A few years ago, while abroad for a summer semester in England, I flew over to Ireland for a short vacation over the Bank Holiday weekend. I spent much of the time in Dublin but before getting there, I had a day's layover in Belfast. And though one only needs 24 hours or so to see the entire city (including the excellent mystery bookshop No Alibis), it haunts me still.
At that point, The Troubles -- the three-decade-long strife between the Roman Catholic Nationalists and the Protestant Unionists -- were supposed to be a memory thanks to the Good Friday Agreement of 1998. But away from downtown and closer to the projects, the Republic's orange colors shone with equal ferocity to the Loyalists' emerald green, and as a group of straggling young boys played soccer in the fields, the ghosts of those who died for and against causes they may not have understood seemed to loiter about the area. Peace in our time? Perhaps, but I left with the feeling history hadn't set down its definitive answer.
Six years later, the ground beneath the feet of peace began to shift, coinciding with the mini-boom in Irish crime fiction. Much of it, however, has been set in the Republic -- such as Benjamin Black's 1950s-era Dublin or Ken Bruen's doomed Galway -- while the North has been the mainstay of Colin Bateman's satirical work. The Troubles led to plenty of spilled ink during their heyday and wane (including Eoin McNamee's "Resurrection Man," published near the end, in 1995) but little afterward. Now, however, a new voice has laid claim to such a task, climbing through the muck and sifting through the blood to produce a crime novel that counts among the best brought out this calendar year.
Gerry Fegan, the protagonist of Stuart Neville's "The Ghosts of Belfast" (Soho Press: 328 pp., $25), more than qualifies for his perpetual state of torment. At the apex of The Troubles, he followed the IRA's orders and killed whomever he was told to kill. "He had always thought of killing as work. Just a job to be done with no care or feeling behind it. He hadn't considered himself a craftsman, more a skilled laborer. Not like those assassins who made it art. . . . He supposed he had a talent for it, just as [others] had a talent for inflicting pain. And that talent had earned him respect."
But with peace in Northern Ireland's time, and a few years removed from a lengthy prison stint, Fegan's tune has shifted from melodic repetition to harmonic discord. Now he tries to chase away his specific demons with the swig of a shot of whiskey: " 'Look up and they'll be gone,' he thought. No. They were still there, still staring. Twelve of them if he counted the baby in its mother's arms." With the howls and wails of so many sounding loudly in Fegan's head, no wonder he searches for any way to appease them -- even if the task, as set out by the very ghosts who haunt him, involve hunting down those who consigned The Twelve to their deaths, the very men to whom Fegan swore his oath and loyalty.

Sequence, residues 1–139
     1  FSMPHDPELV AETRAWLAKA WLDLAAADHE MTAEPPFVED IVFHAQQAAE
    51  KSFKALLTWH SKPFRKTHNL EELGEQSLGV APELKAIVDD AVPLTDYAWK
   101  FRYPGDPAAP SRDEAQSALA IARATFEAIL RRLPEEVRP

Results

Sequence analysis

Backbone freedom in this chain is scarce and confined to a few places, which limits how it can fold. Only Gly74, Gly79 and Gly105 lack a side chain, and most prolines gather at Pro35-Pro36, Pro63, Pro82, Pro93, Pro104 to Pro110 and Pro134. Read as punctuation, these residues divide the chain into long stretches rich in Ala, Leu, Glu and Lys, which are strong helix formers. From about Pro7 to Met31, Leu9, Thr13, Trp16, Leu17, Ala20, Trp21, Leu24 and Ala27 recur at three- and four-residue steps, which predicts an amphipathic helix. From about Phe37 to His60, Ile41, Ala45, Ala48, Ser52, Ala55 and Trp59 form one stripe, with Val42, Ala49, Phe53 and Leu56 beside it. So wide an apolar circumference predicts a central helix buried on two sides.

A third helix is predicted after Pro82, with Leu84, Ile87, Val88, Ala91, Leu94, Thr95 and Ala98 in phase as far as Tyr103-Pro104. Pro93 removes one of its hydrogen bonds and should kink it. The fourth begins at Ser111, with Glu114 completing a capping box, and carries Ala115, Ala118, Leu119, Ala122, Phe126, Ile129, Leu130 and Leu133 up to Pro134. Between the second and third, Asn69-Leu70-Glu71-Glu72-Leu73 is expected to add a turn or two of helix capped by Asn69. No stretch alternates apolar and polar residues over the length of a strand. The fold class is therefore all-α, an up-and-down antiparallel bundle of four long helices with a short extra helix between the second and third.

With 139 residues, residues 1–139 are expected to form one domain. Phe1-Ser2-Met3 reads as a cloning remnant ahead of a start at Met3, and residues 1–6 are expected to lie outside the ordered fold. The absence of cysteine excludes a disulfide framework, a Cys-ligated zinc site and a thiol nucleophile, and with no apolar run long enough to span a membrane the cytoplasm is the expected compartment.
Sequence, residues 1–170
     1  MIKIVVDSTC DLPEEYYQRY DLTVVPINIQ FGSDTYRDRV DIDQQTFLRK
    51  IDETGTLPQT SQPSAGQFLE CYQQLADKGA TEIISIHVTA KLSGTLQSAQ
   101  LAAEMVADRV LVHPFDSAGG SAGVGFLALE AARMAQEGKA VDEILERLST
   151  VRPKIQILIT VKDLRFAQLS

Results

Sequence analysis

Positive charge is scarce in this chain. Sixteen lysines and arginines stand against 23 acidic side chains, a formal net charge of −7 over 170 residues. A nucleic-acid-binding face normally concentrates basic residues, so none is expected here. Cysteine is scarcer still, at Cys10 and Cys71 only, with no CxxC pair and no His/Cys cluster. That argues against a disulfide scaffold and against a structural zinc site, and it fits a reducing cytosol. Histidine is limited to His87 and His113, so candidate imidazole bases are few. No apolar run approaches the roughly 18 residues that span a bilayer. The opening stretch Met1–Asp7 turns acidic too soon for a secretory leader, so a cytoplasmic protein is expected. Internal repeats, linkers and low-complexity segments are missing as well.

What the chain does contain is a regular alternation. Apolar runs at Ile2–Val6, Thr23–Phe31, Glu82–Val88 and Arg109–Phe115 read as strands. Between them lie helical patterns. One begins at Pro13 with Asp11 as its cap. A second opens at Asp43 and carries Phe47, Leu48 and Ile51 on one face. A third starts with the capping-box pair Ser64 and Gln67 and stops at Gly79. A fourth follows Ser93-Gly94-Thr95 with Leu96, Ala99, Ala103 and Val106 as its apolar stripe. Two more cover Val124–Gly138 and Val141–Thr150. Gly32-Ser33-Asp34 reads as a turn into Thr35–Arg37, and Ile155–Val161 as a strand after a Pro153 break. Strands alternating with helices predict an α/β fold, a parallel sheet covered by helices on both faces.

There are so many ways this premise could have derailed: the apparitions might have come off as hokey or melodramatic, Fegan's brutal ways unmoored from proper motivation. But Neville plays the narrative with absolute seriousness, presenting Fegan's internal struggle in matter-of-fact terms and his multiple hauntings with anguish instead of melodrama. From the first paragraph of "The Ghosts of Belfast," we are inside Fegan's skin, downing alcohol to dull the pain and to quell the voices even as he knows such endeavors will not succeed.
Neville also gives Fegan a very enticing carrot of redemption: the possible love of Marie, the mother of a little girl, tied to Fegan's victims as well as to his own personal architect of violence. She knows exactly what Fegan was and is, and she sees his unspoken apologies writ large upon his face: "Listen, I've known men like you all my life. My uncles, my father, my brothers. I know the other side, too, the cops and the Loyalists. I've talked to them all in my job. Everyone has their piece of guilt to carry. You're not that special." As their relationship takes hold, and Fegan realizes he does, in fact, have a heart, the inevitable emotional gut-wrench works that much harder once he learns that violence, love and redemption prove an impossible triangle.
"The Ghosts of Belfast" would have been a superior effort had it been just about Fegan's struggle to assert his inner goodness in the face of larger evil, but its narrative power draws further strength from Neville's acute understanding of Northern Ireland's true state and how, in just a few short years, "the North had become the poor relation, the bastard child no one had the heart to send away." Take the viewpoint of one Edward Hargreaves, the Minister of State for Northern Ireland (and mixed up deep in Fegan's vengeful quest):
"It never ceased to amaze [him] that people would vote for criminals in full knowledge of their nature. He doubted there was a more cynical electorate in the world. The average Northern Irish pleb could read between the lines of a speech better than any professional political analyst, disbelieving every treacherous word. Yet still they voted as predictably, election after election. He wondered why they didn't just have a sectarian headcount every four years and be done with it."
The flip side of cynicism, of course, is idealism, and the hint of it is what lies at the crux of "The Ghosts of Belfast." Here Neville describes a North-South divide in which the South is the clear winner. But I can't help thinking that with the collapse of the Celtic Tiger, with the "country's new vision of itself" through the influx of money shown to be a lie, that there's far more narrative fields to plow in this volatile space.